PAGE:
Thursday, July 26, 2007

Far From Me

There are some days when I forget about not being at "home" back in London. It just doesn't seem to have a negative effect upon me; it's not hard to not be there.

The last couple of days have not been like that. It's when something bad happens, something that would normally require you to put your arms around someone and give them a great big hug, or you would need the comfort of their arms, that it really really really really... sucks, for want of a more eloquent word, to not be there. And what really hurts is that even if you were living in John O'Groats, you could jump in a car, or on a train, and get there. It would take a while. The distance seems so incredibly far from here, despite it only really taking about ten hours in total - the same time as it would for me to drive (or, more accurately, pay someone else to drive because I am not allowed to do so, seeing as I can't) to Lewisham.

I've been thinking about distance, off and on, for a while anyway, as one of my dearest friends is due to give birth in a couple of months. Her daughter won't know me as anything other than this university friend of her mother who flies in from time to time. She'll know of me, that I'm not doubting. Yet when I think about my mum's friends that I grew up with, who are some of the most important people in my life, they would talk of very good friends of theirs who weren't around and those friends didn't really impinge on me; if they really mattered, they would be around. But to put severe distance between the people here with whom I have developed bonds seems unthinkable, too. I want to see their children grow up.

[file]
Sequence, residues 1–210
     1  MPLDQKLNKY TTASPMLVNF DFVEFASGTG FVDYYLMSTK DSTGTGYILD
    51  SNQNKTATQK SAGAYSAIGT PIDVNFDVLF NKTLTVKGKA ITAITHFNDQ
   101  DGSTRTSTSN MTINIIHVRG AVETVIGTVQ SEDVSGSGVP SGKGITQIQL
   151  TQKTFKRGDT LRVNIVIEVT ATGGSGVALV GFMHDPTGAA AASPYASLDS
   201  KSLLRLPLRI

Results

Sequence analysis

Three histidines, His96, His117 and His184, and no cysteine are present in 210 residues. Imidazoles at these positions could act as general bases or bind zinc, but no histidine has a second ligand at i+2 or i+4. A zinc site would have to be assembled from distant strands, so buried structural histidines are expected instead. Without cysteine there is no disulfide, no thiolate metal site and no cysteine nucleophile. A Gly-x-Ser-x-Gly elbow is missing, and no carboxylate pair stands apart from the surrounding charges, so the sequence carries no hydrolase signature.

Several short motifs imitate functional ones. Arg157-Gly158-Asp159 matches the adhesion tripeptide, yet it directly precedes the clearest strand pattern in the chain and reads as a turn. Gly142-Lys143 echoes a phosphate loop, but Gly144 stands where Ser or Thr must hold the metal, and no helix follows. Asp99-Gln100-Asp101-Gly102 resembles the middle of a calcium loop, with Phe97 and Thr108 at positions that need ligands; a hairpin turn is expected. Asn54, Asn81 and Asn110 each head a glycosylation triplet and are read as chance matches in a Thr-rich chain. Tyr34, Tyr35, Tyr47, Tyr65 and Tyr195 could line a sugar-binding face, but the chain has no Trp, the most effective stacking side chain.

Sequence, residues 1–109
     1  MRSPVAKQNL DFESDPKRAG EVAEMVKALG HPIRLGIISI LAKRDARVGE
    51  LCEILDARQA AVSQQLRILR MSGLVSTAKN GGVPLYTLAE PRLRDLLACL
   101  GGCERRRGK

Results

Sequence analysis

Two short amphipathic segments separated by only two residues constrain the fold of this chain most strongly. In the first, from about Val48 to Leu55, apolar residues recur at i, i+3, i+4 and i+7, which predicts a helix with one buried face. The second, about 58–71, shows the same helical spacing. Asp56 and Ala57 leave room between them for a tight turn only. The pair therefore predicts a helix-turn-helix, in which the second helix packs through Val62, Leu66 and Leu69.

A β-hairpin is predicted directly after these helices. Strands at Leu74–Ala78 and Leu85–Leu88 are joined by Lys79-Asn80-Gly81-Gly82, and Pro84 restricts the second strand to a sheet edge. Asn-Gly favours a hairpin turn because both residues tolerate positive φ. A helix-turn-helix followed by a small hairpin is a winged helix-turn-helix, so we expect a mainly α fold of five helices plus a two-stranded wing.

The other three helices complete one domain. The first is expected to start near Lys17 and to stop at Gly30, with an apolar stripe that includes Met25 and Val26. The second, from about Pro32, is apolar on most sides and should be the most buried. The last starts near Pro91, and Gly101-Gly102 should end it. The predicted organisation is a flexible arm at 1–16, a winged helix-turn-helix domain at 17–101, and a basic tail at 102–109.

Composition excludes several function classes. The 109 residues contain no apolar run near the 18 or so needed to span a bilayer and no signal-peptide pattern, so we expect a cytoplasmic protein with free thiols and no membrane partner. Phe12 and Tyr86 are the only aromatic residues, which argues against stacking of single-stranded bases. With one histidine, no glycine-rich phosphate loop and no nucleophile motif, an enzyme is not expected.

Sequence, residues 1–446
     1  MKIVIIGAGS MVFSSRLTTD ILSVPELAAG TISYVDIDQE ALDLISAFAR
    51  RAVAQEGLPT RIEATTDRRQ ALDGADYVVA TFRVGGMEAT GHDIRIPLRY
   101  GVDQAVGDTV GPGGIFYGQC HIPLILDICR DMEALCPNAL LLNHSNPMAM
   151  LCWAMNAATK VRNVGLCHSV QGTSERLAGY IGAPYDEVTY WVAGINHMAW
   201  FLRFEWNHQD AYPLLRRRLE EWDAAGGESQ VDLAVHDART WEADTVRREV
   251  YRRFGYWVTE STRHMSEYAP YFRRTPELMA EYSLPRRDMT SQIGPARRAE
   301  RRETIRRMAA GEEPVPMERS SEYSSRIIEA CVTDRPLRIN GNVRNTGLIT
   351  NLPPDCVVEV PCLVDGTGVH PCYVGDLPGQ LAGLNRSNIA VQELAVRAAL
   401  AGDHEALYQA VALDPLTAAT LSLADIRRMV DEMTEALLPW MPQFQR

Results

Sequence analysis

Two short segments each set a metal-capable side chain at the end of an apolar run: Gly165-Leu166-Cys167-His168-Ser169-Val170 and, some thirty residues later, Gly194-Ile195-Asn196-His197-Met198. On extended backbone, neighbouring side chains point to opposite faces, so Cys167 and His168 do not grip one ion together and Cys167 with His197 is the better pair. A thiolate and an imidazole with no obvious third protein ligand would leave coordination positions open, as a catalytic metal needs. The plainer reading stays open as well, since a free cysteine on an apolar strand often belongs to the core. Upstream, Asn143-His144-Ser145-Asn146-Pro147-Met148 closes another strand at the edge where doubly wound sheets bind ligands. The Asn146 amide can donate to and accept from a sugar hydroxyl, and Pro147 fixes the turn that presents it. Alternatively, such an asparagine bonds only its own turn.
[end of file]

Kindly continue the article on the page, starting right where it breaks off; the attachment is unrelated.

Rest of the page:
An amazing woman I heard speak said that when you migrate, you begin to live in two worlds. My thoughts on this have developed further. It's not just two worlds, but it's almost like a horcrux theory (sorry non-HP peeps). It's like you've splintered your soul and one bit is kept in the place that you loved, lived, grew up in, fought, cried, laughed. It's still alive there, and is linked inextricably to that "container." And the other is here with me, just a little less intact than it was. But you can't go back to that fragment and be fully the same person by reuniting the bits. London will always be my home, and I intend to go back there to live - so that, apart from anything else, my children can know the place that formed and moulded me. Yet my relationship with it has changed, and I cannot repair that. I just have to move on and accept that our relationship is not worse, just different. And convince myself of that I will, I'm sure.


Anonymous said...

As you know, I've been experiencing the divide for sometime too. Lately, just recently in my last trip to Mex, I began to see the privilege, the advantage, the fortune of inhabiting these two worlds. You can always go back home and live elsewhere and be as much of a citizen of that other place as you can, that's the beauty of it. I guess that at this point in time, I feel like I don't have to make a choice, I can be both, and that makes me happier.

missygp said...

Thank you for a positive spin on it. For some reason I have been feeling pessimistic about the whole thing - I think as I become more accustomed to viewing the next few years being here and am actually happy about that... hard to say. But we must discuss. Over liquor.